You undoubtedly heard about Russ Feingold being evicted from his U.S. Senate seat by Wisconsin voters last week. What you may not know is that Wisconsin elected a Republican governor as well, and he’s accepted his victory with all the grace divisive partisan bluster we’ve learned to expect from the GOP:
Gov.-elect Scott Walker is determined to bring major changes to Madison — seemingly even before he takes office next year.
Walker, a Republican, has asked Gov. Jim Doyle’s administration to immediately stop some of its key policy initiatives . . .
In a letter sent Wednesday to Department of Administration Secretary Daniel Schooff, Walker urged the current administration to freeze implementation of the federal health care law — an issue Doyle is especially passionate about — and suspend contract negotiations with state employees . . .
That the health-care law hasn’t even begun to be implemented yet (since it doesn’t go into effect for two more years) doesn’t matter to Walker — this is all about showboating and posturing. Which is the only thing that matters to Republican politicians, aside from rewarding campaign contributors:
Scott Walker wants Wisconsinites to believe that Wisconsin can take federal money that was allocated for construction of a national high-speed rail network and use it to build roads. . . .
Not according to Congressman Tom Petri, a Fond du Lac Republican who is a veteran member of the U.S. House Transportation and Infrastructure Committee. While Petri was a Walker backer in the recent election and says he sympathizes with Walker’s plan, he says he can see little hope that Walker’s scheme will get any traction.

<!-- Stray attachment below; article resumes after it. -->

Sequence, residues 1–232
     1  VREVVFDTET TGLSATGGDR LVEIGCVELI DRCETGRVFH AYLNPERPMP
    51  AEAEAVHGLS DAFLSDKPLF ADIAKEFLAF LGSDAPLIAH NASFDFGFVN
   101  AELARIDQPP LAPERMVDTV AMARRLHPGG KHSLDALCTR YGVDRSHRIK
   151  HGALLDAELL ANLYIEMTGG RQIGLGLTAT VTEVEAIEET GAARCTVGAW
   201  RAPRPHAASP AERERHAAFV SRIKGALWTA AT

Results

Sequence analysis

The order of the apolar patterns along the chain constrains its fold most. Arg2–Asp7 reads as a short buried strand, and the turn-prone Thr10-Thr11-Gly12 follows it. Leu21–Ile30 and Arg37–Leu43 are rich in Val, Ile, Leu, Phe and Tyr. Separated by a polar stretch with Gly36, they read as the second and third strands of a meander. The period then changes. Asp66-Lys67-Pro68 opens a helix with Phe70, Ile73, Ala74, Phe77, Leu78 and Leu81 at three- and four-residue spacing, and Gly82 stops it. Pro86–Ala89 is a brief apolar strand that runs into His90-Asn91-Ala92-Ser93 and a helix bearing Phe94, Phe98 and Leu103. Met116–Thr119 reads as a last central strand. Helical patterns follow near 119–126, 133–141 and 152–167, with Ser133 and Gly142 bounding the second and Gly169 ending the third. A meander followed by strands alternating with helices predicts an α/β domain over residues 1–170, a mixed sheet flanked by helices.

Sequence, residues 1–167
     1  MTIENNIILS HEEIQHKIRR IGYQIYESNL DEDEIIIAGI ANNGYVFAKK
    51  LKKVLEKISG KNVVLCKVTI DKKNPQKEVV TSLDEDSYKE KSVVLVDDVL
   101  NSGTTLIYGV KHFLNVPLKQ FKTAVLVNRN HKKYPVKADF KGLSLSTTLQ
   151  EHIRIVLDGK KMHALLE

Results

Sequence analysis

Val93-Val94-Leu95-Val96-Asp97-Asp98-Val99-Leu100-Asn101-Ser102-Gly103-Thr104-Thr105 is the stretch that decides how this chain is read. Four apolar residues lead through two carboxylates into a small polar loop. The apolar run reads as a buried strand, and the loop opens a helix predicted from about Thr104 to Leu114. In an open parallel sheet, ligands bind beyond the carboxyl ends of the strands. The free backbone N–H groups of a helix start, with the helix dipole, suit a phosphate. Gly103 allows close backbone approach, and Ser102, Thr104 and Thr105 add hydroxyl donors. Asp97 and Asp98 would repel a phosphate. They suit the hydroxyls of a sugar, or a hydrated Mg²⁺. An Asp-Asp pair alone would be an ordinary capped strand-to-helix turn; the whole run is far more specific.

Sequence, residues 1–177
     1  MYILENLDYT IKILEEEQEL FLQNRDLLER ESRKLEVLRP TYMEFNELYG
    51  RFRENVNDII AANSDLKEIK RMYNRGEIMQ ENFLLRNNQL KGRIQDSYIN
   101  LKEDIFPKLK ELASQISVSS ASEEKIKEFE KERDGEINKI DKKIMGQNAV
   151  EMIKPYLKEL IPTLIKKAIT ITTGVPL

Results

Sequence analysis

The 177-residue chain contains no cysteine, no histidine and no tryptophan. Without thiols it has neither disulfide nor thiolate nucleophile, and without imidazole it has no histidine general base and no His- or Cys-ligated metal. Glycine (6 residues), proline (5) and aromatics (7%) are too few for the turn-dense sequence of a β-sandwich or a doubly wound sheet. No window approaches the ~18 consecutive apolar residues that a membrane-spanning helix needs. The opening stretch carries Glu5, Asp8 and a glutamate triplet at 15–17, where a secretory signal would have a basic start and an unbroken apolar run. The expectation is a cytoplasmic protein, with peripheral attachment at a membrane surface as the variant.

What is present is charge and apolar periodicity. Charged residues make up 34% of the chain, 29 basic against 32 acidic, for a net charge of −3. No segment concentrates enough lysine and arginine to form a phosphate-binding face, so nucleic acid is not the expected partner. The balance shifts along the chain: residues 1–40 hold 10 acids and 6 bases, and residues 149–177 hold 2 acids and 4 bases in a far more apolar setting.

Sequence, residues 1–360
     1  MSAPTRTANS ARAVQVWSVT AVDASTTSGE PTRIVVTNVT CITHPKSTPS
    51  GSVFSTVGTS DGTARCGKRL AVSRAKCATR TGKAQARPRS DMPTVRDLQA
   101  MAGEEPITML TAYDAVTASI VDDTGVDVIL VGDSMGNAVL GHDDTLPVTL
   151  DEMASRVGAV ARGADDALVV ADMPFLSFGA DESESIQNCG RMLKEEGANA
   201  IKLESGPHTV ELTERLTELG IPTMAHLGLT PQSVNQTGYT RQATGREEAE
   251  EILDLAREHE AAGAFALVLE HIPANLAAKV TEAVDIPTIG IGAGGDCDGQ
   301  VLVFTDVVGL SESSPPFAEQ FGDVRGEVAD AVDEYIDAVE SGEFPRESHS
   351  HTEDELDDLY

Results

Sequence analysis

Despite what the governor-elect is claiming, his fellow Republican Petri says the money already has been set aside specifically for building up America’s rail infrasructure. If Wisconsin does not want the money, there are other states that want to spend the $810 million to create jobs and position themselves to compete in the 21st century.
Walker is rejecting the money unless he can spend it on his pet projects — or, to be more specific, on the pet projects of his campaign donors in the road-building industry.
Again, Walker certainly couldn’t care less about the fine points of legislative requirements — you can bet that he’ll bluster vaguely about “red tape” and sinister liberal forces that prevent him from steering the federal money to his benefactors. If the Spanish railcar maker that was going to build a plant in Wisconsin follows the money instead and takes its jobs to Illinois, it’s of no consequence to the new GOP governor; he’s not there to serve the average citizen.
Which is why Republicans are so fiercely disciplined when it comes to messaging. They have to be in order to cover up their policy agenda.